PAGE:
THE MYSTERIOUS MISS MARIE CORELLI by Teresa Ransom

THE MYSTERIOUS MISS MARIE CORELLI

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KIRKUS REVIEW

The biography of a turn-of-the-20th-century author whose now forgotten mystical and romantic novels were bestsellers in England and around the world until WWII. According to Ransom (Fanny Trollope, not reviewed), the world-famous Marie Corelli may not have been Corelli at all, but Mary Mills or perhaps Minnie Mackay, the adopted or illegitimate daughter of journalist Charles Mackay, himself a well-known figure in 19th-century England. Then again, she may have been his granddaughter. Or left on his doorstep “one snowy winter’s night.” Whatever her true lineage, she set out to be “somebody” and succeeded. Her 31 novels and assorted articles, booklets, and speeches were almost always blasted by critics and embraced by readers and audiences. The extraordinarily healthy sales of her books should also be judged against her contemporaries: H. Rider Haggard, H.G. Wells, Oscar Wilde. Her fans included Queen Victoria, who requested that all of Corelli’s books be sent to her, and her friend the Prince of Wales. Her first novel, A Romance of Two Worlds, was accepted for publication in 1885 when she was 30 years old. It concerned a heroine who was sent via “Physical Electricity” to visit other planets. Subsequent novels also dealt with mystical and spiritual experiences, but many deplored mankind’s weaknesses (absinthe addiction in Wormwood) or celebrated womankind’s strengths, although she was an ambivalent feminist (against the vote but for independence). She was prescient about atomic power, germ warfare, sex education in schools, and historic preservation. Settled in Stratford-on-Avon with her lifelong friend Bertha van der Vyver, she antagonized the town fathers with her fight to preserve Shakespeare-era cottages and continued to scuffle with them through WWI. Corelli died in 1924, but her books had a brief New Age revival in the 1960s. The author has struggled to piece together fragmented historical material, for which Victorian scholars will be grateful. (12 b&w illustrations, not seen)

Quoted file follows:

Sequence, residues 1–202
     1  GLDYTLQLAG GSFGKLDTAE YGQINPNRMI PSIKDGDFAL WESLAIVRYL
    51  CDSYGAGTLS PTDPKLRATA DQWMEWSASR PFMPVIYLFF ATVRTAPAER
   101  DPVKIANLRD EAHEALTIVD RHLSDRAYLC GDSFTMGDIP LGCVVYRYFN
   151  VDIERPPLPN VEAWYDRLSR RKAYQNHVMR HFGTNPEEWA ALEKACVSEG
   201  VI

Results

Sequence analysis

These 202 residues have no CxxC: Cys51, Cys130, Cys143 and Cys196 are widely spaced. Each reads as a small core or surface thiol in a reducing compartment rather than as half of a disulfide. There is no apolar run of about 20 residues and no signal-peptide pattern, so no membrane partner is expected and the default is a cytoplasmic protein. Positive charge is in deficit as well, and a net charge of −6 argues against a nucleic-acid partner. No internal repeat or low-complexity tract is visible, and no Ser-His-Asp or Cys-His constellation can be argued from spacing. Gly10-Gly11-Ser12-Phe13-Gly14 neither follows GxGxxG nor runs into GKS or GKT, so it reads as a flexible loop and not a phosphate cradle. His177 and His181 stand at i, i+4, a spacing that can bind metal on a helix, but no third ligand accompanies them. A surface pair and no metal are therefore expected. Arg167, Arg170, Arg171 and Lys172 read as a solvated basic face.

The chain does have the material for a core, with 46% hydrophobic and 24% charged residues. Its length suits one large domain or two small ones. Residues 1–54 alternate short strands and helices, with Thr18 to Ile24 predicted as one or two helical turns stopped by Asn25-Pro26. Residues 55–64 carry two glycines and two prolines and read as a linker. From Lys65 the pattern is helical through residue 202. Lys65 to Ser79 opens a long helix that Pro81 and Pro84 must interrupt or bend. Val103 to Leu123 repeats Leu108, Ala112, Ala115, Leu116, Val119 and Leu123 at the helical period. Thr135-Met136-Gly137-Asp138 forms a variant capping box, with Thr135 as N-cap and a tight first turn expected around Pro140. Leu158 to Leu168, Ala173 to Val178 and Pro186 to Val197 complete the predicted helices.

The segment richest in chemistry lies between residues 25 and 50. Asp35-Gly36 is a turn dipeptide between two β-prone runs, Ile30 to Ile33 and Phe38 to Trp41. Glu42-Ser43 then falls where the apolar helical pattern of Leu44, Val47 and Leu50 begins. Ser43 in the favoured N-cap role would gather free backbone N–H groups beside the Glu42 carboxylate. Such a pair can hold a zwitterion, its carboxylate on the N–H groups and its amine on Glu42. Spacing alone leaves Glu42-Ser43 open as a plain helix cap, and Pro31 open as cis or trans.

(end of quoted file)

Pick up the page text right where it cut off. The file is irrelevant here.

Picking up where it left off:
Pub Date: Sept. 7th, 1999
ISBN: 0-7509-1570-6
Page count: 256pp
Review Posted Online:
Kirkus Reviews Issue: Aug. 1st, 1999